[SLIDE 34] Case Studies:
“Evaluating Multimodal Work, Revisited,” Journal of Digital Humanities 1:4 (Fall 2012).
I spoke with Mark Sample at the CUNY Grad Center about means of assessing non-traditional classroom assignments.
Tuesday October 18, 2011, 6:30-8:30pm, Room 6496, CUNY Graduate Center
By exploring how new technologies might function as teaching tools or platforms on which students can demonstrate their learning, we expand the means and ends of education. With this increasing openness of pedagogical forms comes the responsibility to justify our choices and develop new forms of criticism and modes of assessment. Using several of my own courses as examples, I’ll address the challenges and potential benefits of holding students, and ourselves, accountable for the choices we make in our classrooms and advising relationships. I’ll focus on the value of (1) student documentation of their learning process, and in particular (2) students’ justification of their chosen methods and modes of presentation; (3) collaborative development of criteria for evaluation; and (4) connecting our work in the classroom to larger public problems and public institutions. Here are my slides, and here’s a video of my talk.
I organized a panel on library tech developments for the Mobility Shifts conference at The New School, and I was fortunate to gather a fantastic group of experts — Kim Dulin from the Harvard Library Innovation Lab; Deanna Lee, VP of Communication at the NYPL; and Linda E. Johnson, Interim Director of the Brooklyn Public Library — to take part. Here’s an audio recording of our conversation.
The panel took place on Friday, October 13, from 4 to 6pm in the Theresa Lang Center, on the 2nd floor at 55 West 13th Street.
Here’s our abstract:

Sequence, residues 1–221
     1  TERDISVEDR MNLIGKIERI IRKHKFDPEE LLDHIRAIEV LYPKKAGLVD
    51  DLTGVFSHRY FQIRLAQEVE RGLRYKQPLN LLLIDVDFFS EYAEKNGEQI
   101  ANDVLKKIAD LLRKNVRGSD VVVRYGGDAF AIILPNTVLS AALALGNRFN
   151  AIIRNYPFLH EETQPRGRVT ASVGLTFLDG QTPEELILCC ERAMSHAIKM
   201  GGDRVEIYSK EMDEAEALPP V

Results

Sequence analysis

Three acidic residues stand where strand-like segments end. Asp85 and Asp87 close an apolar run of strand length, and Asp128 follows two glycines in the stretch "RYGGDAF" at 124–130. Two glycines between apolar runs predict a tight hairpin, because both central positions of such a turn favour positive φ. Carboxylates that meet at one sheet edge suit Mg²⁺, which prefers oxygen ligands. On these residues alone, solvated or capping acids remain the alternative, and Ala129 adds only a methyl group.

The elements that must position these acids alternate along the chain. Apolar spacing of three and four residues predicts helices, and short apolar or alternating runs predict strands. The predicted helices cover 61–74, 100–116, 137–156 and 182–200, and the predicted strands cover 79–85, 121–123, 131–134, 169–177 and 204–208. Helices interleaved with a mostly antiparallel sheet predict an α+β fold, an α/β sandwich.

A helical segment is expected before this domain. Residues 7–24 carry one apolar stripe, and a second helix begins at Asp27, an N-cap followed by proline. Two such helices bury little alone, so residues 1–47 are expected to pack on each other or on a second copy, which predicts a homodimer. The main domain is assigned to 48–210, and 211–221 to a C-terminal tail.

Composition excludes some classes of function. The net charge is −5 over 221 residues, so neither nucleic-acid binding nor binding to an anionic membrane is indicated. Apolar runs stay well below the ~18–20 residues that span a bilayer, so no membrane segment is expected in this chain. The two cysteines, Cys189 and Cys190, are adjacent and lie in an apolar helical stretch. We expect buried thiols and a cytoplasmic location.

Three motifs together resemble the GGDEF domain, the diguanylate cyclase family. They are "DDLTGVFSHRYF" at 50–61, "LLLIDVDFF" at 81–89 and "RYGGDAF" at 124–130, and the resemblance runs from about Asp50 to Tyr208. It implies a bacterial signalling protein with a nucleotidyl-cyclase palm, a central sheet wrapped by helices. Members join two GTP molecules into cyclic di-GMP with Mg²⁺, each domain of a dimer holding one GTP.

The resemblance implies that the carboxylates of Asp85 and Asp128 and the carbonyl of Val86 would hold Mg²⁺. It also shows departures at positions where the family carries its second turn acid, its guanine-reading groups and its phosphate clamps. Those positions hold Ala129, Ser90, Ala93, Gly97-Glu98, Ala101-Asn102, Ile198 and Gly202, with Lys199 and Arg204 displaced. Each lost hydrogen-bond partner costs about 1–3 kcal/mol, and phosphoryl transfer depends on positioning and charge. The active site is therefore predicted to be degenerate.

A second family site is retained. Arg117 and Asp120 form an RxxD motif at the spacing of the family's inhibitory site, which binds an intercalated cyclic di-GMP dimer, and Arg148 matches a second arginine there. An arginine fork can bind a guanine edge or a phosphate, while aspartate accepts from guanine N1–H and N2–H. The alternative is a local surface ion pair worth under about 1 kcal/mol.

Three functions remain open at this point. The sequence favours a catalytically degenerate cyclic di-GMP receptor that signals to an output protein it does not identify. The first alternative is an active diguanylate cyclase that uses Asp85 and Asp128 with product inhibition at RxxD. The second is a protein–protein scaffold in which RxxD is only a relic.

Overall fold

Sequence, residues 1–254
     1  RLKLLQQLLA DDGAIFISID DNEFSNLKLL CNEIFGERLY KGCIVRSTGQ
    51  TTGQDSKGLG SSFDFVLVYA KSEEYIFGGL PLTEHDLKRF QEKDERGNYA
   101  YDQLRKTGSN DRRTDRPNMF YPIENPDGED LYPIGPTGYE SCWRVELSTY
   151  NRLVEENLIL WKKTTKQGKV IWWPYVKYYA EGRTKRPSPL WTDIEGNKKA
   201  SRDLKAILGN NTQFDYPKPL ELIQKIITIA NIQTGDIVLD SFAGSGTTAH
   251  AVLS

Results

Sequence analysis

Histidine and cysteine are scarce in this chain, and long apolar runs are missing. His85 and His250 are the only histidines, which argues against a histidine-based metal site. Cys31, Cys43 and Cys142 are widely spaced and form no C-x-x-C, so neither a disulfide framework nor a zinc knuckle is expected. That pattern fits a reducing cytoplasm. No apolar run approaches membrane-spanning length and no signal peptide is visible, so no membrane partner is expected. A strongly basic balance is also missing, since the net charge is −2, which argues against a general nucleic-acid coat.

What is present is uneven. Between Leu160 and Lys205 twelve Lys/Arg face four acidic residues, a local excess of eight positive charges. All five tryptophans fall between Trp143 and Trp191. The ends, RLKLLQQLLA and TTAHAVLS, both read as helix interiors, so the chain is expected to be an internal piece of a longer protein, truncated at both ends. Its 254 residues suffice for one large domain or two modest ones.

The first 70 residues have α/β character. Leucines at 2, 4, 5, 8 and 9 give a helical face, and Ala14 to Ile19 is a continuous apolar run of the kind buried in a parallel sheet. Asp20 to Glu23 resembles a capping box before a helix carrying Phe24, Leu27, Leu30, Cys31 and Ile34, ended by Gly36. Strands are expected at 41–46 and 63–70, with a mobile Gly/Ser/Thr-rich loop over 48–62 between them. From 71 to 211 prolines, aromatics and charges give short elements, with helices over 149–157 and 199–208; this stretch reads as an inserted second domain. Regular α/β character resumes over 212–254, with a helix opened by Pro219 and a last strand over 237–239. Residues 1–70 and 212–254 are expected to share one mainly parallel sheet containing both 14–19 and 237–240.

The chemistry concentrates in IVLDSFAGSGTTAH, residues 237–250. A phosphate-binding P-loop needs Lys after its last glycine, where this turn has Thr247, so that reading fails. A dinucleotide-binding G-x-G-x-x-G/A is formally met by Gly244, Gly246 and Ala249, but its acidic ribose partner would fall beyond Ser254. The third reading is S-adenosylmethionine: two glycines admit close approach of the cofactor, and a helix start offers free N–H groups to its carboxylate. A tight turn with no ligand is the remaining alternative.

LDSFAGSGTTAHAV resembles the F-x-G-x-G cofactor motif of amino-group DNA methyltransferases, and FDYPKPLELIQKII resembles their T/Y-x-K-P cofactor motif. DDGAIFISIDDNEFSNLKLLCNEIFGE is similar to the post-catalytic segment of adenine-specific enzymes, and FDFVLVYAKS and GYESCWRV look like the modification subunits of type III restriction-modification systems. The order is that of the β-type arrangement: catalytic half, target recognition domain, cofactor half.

America’s public libraries, as the dominant narrative goes, afforded all people “the means of acquiring knowledge, self-education, [and] culture” (Oscar Bluemner, 1898). Libraries, in their dual – and often precariously balanced – commitments to cultural uplift and cultural outreach, have long been, at least in theory, places of self-directed, DIY learning. As materials once available only in the stacks have become ever more accessible in people’s homes and in their pockets, libraries’ strategies for cultural outreach, and for supporting patrons’ self-education, have evolved. Libraries are developing new ways for patrons to access their collections; drawing attention to underutilized collections; and helping users filter and contextualize material. Meanwhile, international organizations are using technology to bring libraries to regions of the world where they’d been scarce. And many of these initiatives are creating new opportunities for patrons to do things with or contribute to material in libraries’ collections.
Recent library-led technology development projects have attracted attention. As Alexis Madrigal wrote on The Atlantic’s website in June 2011, the New York Public Library “has reevaluated its role within the Internet information ecosystem and found a set of new identities” – as a “social network with three million active users” and as a “media outfit,” a “beacon in the carcass-strewn content landscape.” This panel examines how three different institutions – two public libraries and an academic library research unit – are helping to reshape the information ecosystem and creating new roles for themselves within it. Kim Dulin from the Harvard Library Innovation Lab will discuss their work in developing a front-end web application, a “virtual front door,” for the proposed Digital Public Library of America (DPLA). As Dulin notes, this interface will allow the DPLA to become more than “just a collection”; it will be “a place users can go to discover works, engage with them, engage with one another, and share what they learn, know, and care about.” Deanna Lee, of the New York Public Library, will address several recent digital initiatives – the Biblion application, a John Cage “living archive,” a crowdsourced historical menu transcription project, and a new, more interactive library catalogue – that likewise change the ways and places in which patrons can access, experience, organize, and contribute to the collections. Linda E. Johnson will address the Brooklyn Public Library’s Broadband Technology and Opportunities Program and other of the library’s digital literacy initiatives. Finally, Shannon Mattern will identify common threads in the panelists’ presentations and offer prompts for discussion, which will address (1) how these projects provide opportunities for self-directed learning in new contexts; (2) how they evidence new thinking about pedagogy and epistemology; and (3) what the challenges and limitations of these projects might be, particularly as we attempt to implement them among traditionally underserviced populations and in the developing world.